I stepped down and continued. “Good software development process takes time. Bad software development process takes more time, even though it may not seem so at first. And the requirement here is that they need implementation in minutes and hours, not days. Building a software development process around that requirement is… well, we can do it in emergencies, but you can’t have a team in a constant state of emergency.”

I continued, “So there’s really only one solution: Don’t do software development.”

My housemate was staring at me blankly, as if I’d completely lost my mind. But Angie slapped her head with sudden realization. “You’re talking about automation!”

I nodded and continued. “You already know how easy it is to configure the Salesforce database.” They nodded. “Salesforce also supports three types of automation. There’s workflow, which allows you to detect changes on an object and perform a number of different tasks such as updating fields or creating tasks. Next there’s process builder – it has additional capabilities like calling into Apex code and updating multiple records, though it’s weak on performance and has become the less preferred approach. Finally, there’s flow, which is essentially diagram-based process automation. It’s extremely powerful and can do many of the things software can do.”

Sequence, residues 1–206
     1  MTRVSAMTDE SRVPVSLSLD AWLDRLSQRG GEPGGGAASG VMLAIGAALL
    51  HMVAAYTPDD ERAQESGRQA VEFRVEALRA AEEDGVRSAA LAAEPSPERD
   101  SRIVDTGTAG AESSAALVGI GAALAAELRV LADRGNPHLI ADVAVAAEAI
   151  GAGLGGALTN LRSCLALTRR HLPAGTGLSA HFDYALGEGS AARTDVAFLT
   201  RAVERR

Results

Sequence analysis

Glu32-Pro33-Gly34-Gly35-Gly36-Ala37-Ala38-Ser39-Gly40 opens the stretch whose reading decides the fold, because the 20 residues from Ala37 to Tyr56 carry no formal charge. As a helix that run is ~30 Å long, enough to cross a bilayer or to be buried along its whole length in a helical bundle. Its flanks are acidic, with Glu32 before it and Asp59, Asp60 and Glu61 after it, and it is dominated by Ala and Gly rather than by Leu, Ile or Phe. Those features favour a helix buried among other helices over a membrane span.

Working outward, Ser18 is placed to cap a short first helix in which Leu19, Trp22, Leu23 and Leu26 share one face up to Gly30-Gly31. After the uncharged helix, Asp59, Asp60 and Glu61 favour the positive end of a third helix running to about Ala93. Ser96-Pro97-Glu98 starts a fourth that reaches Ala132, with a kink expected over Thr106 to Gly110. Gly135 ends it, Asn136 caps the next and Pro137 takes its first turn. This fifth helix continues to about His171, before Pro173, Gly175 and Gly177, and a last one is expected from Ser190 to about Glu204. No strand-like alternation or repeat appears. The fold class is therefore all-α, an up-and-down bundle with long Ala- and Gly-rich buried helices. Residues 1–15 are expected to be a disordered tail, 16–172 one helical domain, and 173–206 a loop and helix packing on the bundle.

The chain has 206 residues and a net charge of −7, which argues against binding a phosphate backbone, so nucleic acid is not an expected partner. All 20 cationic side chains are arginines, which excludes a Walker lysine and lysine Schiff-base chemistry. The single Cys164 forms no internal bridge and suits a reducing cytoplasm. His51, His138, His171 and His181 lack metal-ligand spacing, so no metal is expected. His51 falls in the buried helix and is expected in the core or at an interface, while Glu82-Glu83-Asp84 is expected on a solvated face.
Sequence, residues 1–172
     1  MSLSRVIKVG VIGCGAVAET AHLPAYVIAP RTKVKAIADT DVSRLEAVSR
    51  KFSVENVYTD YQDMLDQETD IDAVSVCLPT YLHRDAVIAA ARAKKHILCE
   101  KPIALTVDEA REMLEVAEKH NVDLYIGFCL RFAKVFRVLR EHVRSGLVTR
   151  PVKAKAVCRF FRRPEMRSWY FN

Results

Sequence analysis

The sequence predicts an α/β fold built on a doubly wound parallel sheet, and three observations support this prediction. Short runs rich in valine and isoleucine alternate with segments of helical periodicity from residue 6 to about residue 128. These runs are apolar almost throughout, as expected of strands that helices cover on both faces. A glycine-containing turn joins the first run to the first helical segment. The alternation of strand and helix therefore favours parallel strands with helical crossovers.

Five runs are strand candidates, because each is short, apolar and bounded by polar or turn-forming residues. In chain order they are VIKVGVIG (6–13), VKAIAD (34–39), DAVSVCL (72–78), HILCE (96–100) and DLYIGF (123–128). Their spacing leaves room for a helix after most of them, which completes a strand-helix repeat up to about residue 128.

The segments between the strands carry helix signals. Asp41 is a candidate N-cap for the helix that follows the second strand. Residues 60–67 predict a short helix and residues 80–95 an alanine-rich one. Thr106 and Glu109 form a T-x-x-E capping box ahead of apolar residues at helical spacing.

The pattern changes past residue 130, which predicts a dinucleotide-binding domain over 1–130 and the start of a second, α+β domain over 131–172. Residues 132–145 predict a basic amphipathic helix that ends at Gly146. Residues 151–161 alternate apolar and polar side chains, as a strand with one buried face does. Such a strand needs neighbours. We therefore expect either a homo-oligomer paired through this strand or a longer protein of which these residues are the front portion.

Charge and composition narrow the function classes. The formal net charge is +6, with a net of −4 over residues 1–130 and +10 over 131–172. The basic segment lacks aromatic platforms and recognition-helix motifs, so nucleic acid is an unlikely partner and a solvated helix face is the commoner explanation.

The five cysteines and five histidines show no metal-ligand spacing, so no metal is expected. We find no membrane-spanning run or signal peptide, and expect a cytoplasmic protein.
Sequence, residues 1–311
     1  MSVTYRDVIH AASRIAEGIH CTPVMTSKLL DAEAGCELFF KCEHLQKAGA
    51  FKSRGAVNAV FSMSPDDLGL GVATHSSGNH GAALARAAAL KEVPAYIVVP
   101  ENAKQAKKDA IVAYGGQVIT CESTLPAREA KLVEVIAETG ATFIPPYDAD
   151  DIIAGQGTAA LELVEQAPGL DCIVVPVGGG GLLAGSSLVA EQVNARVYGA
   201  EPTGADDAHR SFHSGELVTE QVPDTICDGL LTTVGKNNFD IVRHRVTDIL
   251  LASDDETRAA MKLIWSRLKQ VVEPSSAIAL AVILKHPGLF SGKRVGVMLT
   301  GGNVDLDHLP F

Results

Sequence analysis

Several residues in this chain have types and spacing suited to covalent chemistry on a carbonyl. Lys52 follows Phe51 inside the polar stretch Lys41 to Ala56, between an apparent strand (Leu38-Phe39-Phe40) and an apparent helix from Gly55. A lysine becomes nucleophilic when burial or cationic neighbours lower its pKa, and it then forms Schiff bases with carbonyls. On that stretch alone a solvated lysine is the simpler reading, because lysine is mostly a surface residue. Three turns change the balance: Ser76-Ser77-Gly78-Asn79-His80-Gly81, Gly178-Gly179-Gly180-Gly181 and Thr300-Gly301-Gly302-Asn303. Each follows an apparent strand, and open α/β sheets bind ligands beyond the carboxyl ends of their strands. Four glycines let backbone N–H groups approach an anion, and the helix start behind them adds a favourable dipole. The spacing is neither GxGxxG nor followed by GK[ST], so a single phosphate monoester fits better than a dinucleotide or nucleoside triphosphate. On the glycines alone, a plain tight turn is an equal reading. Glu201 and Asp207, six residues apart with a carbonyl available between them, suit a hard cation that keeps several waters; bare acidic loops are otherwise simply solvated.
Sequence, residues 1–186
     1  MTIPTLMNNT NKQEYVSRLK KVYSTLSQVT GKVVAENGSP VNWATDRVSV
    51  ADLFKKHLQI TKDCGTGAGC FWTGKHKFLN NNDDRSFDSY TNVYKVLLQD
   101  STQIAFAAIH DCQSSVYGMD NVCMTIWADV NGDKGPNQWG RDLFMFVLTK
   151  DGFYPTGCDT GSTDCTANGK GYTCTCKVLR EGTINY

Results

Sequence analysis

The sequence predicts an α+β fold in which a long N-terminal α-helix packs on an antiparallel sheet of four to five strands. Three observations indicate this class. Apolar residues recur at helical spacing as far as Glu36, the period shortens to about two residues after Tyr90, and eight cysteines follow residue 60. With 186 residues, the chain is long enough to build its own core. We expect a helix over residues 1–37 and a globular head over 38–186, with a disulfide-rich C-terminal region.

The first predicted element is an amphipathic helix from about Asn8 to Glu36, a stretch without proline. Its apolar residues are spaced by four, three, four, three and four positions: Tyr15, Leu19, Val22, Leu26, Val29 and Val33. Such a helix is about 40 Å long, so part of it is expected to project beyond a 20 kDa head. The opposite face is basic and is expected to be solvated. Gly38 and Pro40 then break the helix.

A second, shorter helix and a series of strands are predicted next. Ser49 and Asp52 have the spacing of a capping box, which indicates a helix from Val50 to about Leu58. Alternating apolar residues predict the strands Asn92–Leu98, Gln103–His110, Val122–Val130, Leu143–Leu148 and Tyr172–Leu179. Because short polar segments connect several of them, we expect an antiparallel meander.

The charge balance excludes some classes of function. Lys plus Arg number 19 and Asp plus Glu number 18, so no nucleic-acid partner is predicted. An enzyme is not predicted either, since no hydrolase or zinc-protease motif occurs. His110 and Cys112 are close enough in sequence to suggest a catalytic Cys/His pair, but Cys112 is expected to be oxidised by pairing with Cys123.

Salesforce flow builder

“There are other more specialized automation tools as well,” I added. “Like approval processes where data changes have to be approved by defined individuals – something that would probably be very useful in your client’s business.”

I continued, “All of these types of automation are far more accessible and simpler than software development. I think your answer is for the client to train people or hire admins onto the teams that are defining their business processes so that they can build them and try them immediately as they make decisions.”

At this point Angie interrupted. “Wait, you’re not suggesting they build out those processes on live production systems, are you?”